Obama:'We're Still Trying to Recover;' NBER: Last Recession Ended 4 Yrs Ago
"It was five years ago this week that a financial crisis on Wall Street spread to Main Street, and very nearly turned a recession into a depression," Obama said in his weekly address.
"In a matter of months, millions of Americans were robbed of their jobs, their homes, their savings after a decade in which they’d already been working harder and harder to just get by," said Obama. "It was a crisis from which we’re still trying to recover."
According to the NBER, the last recession began in December 2007 and ended in June 2009. Since June 2009, which was the fifth full month of Obama's presidency, the economy has been in a growth cycle,
In the post-World War II era, according to NBER, the average growth cycle has lasted 58.4 months. The United States is now in the 51st month of the Obama growth cycle. If this growth period were to last as long as the average post-World War II growth cycle, the next recession would begin in about seven months.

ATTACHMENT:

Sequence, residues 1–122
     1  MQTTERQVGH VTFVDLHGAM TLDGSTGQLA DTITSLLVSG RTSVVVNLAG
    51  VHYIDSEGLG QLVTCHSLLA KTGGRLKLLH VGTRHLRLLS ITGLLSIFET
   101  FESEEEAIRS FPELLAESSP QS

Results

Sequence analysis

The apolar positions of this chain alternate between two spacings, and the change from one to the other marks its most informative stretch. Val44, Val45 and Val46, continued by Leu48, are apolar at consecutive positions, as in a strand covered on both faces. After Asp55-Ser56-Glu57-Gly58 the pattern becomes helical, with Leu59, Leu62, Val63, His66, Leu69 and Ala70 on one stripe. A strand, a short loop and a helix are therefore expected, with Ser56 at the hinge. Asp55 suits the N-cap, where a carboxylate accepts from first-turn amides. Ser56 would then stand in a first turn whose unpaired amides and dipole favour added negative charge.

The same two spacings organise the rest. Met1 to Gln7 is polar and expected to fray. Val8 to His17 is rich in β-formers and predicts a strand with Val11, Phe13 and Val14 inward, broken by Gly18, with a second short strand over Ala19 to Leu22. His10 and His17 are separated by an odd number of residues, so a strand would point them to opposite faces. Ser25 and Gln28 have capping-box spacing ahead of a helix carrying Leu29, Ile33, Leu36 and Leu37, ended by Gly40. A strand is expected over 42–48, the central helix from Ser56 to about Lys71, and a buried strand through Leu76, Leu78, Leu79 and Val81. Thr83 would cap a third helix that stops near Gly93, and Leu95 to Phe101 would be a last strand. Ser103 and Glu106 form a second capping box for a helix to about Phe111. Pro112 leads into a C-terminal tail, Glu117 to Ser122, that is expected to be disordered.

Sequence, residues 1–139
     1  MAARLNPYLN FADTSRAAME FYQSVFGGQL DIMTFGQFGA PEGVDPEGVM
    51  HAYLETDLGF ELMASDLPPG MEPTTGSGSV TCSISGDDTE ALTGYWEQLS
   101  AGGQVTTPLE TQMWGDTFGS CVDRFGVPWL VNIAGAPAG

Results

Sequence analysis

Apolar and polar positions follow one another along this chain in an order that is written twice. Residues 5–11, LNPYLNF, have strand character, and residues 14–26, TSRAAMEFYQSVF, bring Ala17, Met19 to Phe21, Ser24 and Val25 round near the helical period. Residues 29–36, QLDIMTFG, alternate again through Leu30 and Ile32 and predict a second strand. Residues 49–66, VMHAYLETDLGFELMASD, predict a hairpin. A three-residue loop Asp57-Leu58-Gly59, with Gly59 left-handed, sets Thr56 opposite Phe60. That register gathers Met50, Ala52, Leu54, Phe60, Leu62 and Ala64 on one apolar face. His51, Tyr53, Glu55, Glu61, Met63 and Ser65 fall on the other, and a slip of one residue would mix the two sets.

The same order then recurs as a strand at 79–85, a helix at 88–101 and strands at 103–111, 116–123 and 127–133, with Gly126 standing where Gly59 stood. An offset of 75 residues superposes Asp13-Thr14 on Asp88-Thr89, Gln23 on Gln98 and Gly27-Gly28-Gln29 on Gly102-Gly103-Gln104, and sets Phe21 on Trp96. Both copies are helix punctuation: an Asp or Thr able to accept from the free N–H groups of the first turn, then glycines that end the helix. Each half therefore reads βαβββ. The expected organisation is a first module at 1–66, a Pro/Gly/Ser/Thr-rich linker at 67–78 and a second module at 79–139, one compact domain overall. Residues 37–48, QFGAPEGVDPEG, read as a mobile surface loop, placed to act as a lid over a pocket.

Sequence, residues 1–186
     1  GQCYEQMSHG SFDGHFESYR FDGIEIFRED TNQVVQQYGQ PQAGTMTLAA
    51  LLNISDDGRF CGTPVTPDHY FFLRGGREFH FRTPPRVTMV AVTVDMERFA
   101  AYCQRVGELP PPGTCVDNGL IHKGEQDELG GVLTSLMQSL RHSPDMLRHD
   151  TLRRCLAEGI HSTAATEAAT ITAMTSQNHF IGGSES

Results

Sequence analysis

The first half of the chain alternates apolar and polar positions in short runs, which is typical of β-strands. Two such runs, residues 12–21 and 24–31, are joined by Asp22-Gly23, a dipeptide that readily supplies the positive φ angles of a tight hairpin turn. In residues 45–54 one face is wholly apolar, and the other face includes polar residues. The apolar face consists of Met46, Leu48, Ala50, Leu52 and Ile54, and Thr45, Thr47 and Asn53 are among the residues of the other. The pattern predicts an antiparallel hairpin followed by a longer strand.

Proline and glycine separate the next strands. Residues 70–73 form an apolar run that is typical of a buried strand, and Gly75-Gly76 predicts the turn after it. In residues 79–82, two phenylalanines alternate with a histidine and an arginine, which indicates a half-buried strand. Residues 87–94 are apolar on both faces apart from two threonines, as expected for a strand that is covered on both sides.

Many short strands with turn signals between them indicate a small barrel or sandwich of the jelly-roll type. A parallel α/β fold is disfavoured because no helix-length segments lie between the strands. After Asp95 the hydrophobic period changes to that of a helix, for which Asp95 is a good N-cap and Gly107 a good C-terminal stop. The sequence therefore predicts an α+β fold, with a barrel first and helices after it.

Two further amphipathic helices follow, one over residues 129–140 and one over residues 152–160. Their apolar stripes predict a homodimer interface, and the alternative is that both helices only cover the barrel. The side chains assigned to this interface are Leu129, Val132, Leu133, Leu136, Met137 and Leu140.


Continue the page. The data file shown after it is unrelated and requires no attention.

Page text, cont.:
During the Obama growth cycle, according to data published by the Bureau of Economic Analysis, the economy has not grown as vigorously as it has in previous growth cycles. In fact, under Obama, annual growth in GDP has not even hit 3.0 percent. In 2009, the year the recession ended, the Gross Domestic Product (GDP) declined 2.8 percent. In 2010, it grew 2.5 percent. In 2011, it grew 1.8 percent. And, in 2012, it 2.8 percent.
The previous recession ended in November 2001. In 2002, GDP grew 1.8 percent. Then in 2003, it grew 2.8 percent. Then in 2004, it grew 3.8 percent. In 2005, the first year of Bush's second term, it grew 3.4 percent.
The recession before that ended in March 1991. That year, the economy contracted by 0.1 percent. But then in 1992, it grew by 3.6 percent, In 1993, it grew by 2.7 percent. And, in 1994, it grew by 4.0 percent.
During the 56 months that Obama has been president, the national unemployment rate has never dropped below 7.3 percent. Also during Obama's presidency, the labor force participation rate--the percentage of people 16 or older who have jobs or are actively seeking them--has dropped from 65.7 percent to 63.2 percent. It is now at the lowest level since August 1978, when Jimmy Carter was president.